Trauma for Teachers



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The reality is I’ve seen great teachers leave the field, and it breaks my heart. These teachers were excellent at what they did but didn’t have the expertise or know-how to help the many children in their classroom that deal with trauma. This lack of preparedness left them burnt out, overwhelmed, and unsure about the next step. I aim to use my experience as a Licensed Professional Counselor, Certified Thanantologist, and Infant Mental Health specialist and combine them with your years of teaching to help you feel confident in leading children through trauma in the classroom.

That’s why I developed this course so you can access trauma frameworks and classroom management strategies that I believe can be life-changing for these children and create a whole new way of teaching future generations. This comprehensive training shows you exactly how to support children through trauma from start to finish and work with children each step of the way to support them and empower them.

In this course you will:

Who is the course for?

This course benefits anybody who works with children in the school setting, whether you are a pre-k classroom teacher, elementary classroom teacher, secondary classroom teacher, administrator, or para-professional. If you’re ready to apply successful trauma intervention frameworks and strategies to see change happen in your classroom, this is the course for you.

You will see an increase in your confidence as a teacher, a decrease in the behaviors in your classroom, more confidence and happiness from your students, and increased learning. I can’t wait to see you in the course.

Your Instructor

Erin Troup


Erin is a Licensed Professional Counselor specializing in early childhood social emotional needs, particularly attachment, grief & loss, trauma and anxiety. Erin earned her undergraduate degree in psychology and child development from Indiana University of Pennsylvania. She attended Chatham University for her MS in counseling and earned her Infant Mental Health Certificate in Pennsylvania’s first Infant Mental Health cohort.

In 2013 after work on a seminal grant supporting postpartum depression, Erin felt there was a gap in supportive counseling and consultation for many young families. She opened her practice: Sprout Center for Emotional Growth and Development, LLC out of the love and passion for supporting children and their families. She has worked in the fields of Mental Health, Early Intervention and Behavioral Health service for over 15 years. Erin has presented on a variety of topics including mental health, grief and loss, social emotional and child development throughout the United States; but she calls Pittsburgh home. Erin is a registered Child-Parent Psychotherapy (CPP) clinician, Certified in Thanatology through the Association for Death Education and Counseling and an Endorsed Infant Mental Health Mentor.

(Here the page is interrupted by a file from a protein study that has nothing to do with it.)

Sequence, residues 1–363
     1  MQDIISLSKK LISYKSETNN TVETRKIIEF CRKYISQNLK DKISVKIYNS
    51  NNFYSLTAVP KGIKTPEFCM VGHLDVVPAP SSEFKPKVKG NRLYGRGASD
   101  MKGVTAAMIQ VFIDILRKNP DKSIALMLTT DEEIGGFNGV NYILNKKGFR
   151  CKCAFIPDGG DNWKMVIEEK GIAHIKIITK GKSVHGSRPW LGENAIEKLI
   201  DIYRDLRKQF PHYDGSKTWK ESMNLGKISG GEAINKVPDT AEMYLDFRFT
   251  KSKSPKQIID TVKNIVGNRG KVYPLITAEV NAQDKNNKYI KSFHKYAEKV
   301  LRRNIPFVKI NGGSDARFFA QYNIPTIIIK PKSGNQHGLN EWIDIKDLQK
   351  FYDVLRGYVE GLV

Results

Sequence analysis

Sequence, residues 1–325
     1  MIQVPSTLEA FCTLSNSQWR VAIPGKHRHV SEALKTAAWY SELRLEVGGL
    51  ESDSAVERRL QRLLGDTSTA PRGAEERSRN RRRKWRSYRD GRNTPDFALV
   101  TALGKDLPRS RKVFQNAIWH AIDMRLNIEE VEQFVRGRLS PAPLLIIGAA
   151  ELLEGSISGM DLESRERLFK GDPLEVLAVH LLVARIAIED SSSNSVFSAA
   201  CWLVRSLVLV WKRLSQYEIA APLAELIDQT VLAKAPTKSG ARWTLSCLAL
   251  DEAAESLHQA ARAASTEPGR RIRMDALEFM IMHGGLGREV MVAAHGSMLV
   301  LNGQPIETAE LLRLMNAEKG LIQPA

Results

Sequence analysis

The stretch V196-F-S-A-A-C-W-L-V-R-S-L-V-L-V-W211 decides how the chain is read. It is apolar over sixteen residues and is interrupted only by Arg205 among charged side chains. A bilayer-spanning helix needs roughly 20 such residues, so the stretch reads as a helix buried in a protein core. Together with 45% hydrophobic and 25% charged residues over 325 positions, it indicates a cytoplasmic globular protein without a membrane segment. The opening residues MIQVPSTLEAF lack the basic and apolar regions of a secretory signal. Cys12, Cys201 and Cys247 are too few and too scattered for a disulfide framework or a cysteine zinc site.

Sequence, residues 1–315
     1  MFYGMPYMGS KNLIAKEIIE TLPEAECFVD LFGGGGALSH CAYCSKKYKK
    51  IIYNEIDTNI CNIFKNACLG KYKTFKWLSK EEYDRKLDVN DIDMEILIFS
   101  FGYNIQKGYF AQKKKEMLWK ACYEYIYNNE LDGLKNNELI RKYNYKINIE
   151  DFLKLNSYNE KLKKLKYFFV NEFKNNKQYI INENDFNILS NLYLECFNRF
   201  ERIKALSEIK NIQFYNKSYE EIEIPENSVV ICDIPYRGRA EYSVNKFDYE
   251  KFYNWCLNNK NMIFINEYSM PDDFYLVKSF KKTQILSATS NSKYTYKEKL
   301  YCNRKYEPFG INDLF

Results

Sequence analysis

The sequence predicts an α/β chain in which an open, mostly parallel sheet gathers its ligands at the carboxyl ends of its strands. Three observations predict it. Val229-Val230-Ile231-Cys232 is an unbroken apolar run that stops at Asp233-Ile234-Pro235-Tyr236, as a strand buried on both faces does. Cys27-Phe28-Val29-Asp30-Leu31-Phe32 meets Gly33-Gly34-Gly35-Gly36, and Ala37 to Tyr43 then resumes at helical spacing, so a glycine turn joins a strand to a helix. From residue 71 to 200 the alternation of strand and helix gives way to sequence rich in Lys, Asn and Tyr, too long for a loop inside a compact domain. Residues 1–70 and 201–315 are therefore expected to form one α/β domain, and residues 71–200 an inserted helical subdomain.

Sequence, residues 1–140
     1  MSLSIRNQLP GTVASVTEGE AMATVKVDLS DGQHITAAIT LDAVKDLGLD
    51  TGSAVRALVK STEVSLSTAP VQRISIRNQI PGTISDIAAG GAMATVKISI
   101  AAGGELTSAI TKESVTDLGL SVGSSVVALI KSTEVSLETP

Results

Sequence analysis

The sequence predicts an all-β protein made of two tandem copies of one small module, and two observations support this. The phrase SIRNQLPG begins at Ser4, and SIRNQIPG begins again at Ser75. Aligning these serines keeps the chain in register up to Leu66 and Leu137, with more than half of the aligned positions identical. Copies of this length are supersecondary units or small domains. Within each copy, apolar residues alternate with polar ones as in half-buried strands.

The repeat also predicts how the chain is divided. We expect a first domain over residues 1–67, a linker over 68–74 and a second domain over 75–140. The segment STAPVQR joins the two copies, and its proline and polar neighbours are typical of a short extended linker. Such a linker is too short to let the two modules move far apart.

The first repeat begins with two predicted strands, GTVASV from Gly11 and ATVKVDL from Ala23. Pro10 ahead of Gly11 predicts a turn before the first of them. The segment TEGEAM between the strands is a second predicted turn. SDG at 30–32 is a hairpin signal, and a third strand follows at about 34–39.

Learning Path

In this first session, we will explore what trauma is, what infant mental health is, and how childhood brain development works. These sessions build upon one another. As you progress through the training, you will learn why trauma doesn’t respond to traditional behavior interventions well and regulation strategies on how to help children calm down, focus, and learn as much as possible while in your classroom.

If you are a teacher of big kids, you may feel like this training isn’t for you. That couldn’t be farther from the truth. These strategies will work for pre-k children all the way up through post-secondary education.

Video 26 Min 

What does minor trauma look like compared to more complex trauma? In this session, we explore how trauma changes our brain, some activities that you can use in the classroom to build confidence, and building blocks that help children begin to work through trauma.

Video 30 Min  + 2 Resource Videos

Some children in our classroom can have large, over-the-top feelings. Others in our classroom can have more reserved, internal feelings. Both of them manifest as behaviors. In this session, we discuss what you need to understand about unique behavior manifestations in the classroom, what is trauma and what it isn’t, and how to ask the right questions to manage behavior.

Instead of leaving the classroom asking, “What’s wrong with this child”? We want you to complete this lesson asking questions like, “Who is this child? What have they experienced? What do they believe is true?” and “How do I help?”

Video 15 Min  + 1 Resource Video

Children who have experienced trauma have emotional reactivity, distorted perceptions of reality, and inadequate skills like poor problem-solving skills. In this session, we build upon our learnings with behavioral manifestations and our big T, little T traumas by giving you strategies and a support system to help you become even more fluent in understanding trauma.

Video 22 Min  + 1 Resource Video

You’ve learned about Big T and little t trauma, what behavioral manifestations look like in the classroom, and have become more fluent on how to build a strategy and support system for helping children with trauma; now it’s time to apply it into your practice.

This last session focuses on general strategies, classroom management strategies, cognitive strategies, physical strategies, sensory strategies, environmental strategies, psychomotor strategies, and emotional strategies that you can implement in your classroom right now. Enjoy!

Video 21 Min